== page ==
Over the past few months, I have taken up some speaking engagements at the Ghana Institute of Journalism (GIJ) about a career in Communications.
Outside the office hours, I am also mentoring two young ladies that have just started their careers in Internal Communication and Public Affairs.
We meet once a month to talk through some of their projects and what the next steps should be. I have also volunteered as a communications consultant for some start-ups.
A career in Corporate Communications is very rewarding and fulfilling - no two campaigns or projects are the same and you often get to think and execute outside the proverbial box. The objectives, strategy and tactics are always different and depending on the target audience, product/service, budget … you can switch it up or down.
It is also exciting because it offers various specialized roles including Internal/Employee Communication and Engagements, Public Relations – this could include government relations, policy formulation and analysis or both, Corporate Social Responsibility/Social Investment and more recently Social Media/Digital engagements.
Often, I find myself and members of the team in different roles other than our job titles and this varies from project to project.
Together as a team/department our single most important focus is to build a great reputation that drives a positive business climate for the organisation.
The bottom line for every business is to deliver value for shareholders. How do we deliver such value if there is no deliberate plan to building a great reputation for the business among various stakeholders?
This is summed up by the famous American Business leader, John Rockefeller, that “next to doing the right thing the most important thing is to let people know that you are doing the right thing.”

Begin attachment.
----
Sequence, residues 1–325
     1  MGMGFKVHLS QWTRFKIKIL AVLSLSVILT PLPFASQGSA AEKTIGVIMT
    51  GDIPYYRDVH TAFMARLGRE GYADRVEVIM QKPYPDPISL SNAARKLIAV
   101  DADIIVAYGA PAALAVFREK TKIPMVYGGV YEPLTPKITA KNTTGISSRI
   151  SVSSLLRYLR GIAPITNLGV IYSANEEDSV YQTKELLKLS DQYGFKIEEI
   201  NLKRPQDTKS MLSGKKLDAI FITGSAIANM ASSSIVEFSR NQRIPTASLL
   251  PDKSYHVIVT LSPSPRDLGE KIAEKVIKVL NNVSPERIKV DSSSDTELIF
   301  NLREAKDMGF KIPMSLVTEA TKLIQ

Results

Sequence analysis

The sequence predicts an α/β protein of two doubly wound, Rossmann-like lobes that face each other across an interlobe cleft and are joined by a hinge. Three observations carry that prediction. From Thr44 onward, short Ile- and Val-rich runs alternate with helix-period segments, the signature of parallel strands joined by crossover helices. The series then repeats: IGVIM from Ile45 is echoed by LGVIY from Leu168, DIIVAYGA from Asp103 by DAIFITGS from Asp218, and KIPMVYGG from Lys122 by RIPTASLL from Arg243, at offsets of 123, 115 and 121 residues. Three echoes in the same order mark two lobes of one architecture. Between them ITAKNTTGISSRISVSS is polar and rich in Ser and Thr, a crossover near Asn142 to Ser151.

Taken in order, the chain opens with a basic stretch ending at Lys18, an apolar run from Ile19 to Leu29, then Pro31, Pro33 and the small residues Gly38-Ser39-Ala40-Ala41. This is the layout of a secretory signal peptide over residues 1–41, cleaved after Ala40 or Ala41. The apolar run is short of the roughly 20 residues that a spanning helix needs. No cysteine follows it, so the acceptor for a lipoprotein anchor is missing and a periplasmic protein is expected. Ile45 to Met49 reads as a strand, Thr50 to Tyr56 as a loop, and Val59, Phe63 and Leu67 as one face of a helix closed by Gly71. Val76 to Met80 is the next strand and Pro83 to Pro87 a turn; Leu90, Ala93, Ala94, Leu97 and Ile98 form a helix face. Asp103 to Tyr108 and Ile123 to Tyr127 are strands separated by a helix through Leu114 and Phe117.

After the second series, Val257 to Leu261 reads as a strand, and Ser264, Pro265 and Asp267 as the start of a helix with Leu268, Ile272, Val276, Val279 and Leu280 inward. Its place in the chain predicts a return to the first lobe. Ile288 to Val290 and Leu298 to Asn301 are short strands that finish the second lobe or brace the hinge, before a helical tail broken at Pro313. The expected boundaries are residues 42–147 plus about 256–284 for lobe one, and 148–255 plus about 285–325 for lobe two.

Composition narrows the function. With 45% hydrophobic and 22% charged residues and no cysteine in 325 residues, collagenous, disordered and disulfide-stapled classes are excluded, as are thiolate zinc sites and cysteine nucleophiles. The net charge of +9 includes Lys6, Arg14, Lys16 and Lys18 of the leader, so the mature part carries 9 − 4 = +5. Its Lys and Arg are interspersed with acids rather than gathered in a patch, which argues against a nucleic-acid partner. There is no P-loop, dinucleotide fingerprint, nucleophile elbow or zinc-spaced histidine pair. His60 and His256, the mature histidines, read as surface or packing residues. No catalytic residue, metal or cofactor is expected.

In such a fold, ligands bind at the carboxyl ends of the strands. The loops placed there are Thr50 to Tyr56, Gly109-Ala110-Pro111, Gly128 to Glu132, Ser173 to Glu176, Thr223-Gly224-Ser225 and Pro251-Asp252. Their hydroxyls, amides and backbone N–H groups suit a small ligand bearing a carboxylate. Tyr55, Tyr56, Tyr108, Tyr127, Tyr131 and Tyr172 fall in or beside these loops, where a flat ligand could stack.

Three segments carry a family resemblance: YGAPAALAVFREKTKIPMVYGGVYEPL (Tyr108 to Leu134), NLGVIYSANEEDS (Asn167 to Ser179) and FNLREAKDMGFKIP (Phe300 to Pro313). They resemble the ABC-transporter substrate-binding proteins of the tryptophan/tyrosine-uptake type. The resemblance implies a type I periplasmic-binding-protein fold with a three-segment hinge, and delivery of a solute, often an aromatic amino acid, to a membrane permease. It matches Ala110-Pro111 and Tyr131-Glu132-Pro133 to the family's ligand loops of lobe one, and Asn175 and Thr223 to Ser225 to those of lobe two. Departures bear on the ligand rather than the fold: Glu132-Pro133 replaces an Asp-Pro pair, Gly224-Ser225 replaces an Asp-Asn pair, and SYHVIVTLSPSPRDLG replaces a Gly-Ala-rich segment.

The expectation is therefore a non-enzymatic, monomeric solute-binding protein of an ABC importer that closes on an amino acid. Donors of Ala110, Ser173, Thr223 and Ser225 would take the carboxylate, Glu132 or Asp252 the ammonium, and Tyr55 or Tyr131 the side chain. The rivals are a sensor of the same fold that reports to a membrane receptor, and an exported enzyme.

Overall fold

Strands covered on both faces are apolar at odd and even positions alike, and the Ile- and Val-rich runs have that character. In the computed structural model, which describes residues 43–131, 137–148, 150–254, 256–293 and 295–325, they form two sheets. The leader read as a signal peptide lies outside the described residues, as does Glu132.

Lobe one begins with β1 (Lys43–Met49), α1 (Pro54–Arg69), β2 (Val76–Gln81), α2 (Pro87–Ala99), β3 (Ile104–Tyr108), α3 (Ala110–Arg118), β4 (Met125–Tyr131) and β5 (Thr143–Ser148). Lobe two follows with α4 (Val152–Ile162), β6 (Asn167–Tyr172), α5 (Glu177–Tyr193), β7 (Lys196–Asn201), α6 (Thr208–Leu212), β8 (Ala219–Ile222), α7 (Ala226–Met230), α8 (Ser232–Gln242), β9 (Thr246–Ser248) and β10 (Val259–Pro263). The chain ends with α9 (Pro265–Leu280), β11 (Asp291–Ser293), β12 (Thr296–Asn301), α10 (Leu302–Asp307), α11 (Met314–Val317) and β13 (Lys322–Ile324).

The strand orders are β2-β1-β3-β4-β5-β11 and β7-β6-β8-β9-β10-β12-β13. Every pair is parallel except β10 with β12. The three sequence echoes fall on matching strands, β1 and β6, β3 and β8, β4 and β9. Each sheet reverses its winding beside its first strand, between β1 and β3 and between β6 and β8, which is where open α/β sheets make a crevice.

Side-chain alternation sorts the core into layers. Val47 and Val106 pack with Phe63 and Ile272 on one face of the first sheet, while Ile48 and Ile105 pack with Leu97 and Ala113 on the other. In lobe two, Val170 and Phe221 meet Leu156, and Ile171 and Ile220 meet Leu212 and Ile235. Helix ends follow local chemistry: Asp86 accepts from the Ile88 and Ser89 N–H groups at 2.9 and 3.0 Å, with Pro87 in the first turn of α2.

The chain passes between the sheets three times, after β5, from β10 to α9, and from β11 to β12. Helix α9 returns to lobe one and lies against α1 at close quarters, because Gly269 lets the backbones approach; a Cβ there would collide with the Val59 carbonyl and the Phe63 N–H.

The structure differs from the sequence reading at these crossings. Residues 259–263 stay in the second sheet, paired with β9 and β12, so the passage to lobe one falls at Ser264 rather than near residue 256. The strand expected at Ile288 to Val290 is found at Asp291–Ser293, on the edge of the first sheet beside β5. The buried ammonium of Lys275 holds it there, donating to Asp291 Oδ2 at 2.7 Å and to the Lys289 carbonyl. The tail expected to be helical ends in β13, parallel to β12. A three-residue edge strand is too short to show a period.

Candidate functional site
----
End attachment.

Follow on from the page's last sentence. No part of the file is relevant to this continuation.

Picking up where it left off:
Employees need to know that you are doing the right thing, customers need to know and so do other stakeholders including the communities where we operate, regulators, government, shareholders, potential employees, etc.
And there are various ways of keeping these people informed, right from newsletters to press conferences, op-ed, roadshows, town-halls through to social media channels. Increasingly we need to think through our plans and develop compelling content.
It is not an easy job though especially for people who like to sit still. With the range of content, contacts and relations that we need to build including media, events and speaking engagements for senior executives, it is impossible to sit still unless you have an agency on a monthly retainer. Even then my suggestion is that you still go ahead to engage so that you can effectively add-on and support the agency.
Again, you will struggle if you are not open to learning new ways of communicating and measuring success. I will be honest here, what I used to practice in 2010 is far different from now, so much has changed including some of the tools and channels that I used to work with. It is constantly evolving. Like it or not, digital and social media has completely changed our relationship with the public and how we communicate with them and vice versa. The emphasis is 'engagement' rather than the ‘filter down theory’.
Like every job though, you need to work hard and consistently put in your very best to be successful. You would certainly love your role if you are passionate, very creative and resourceful, dedicated and committed and most importantly have integrity.
I transitioned from broadcast journalism to this field and it’s been very exciting. I have learnt a lot by reading, learning on the job - from line managers and colleagues. I often ask a lot of questions and I am not afraid to ask for help. I also have a small group of friends who share ideas, discuss various strategies and tactics and I would certainly recommend joining bigger networks such as the Chartered Institute of Public Relations, UK and the Ghana Institute of Public Relations – the continuous professional development programmes have been amazing.
More and more business leaders in Ghana appreciate the value that we add to the business strategy and I certainly think it’s a great time to be a part of this profession.
Written by Gifty Bingley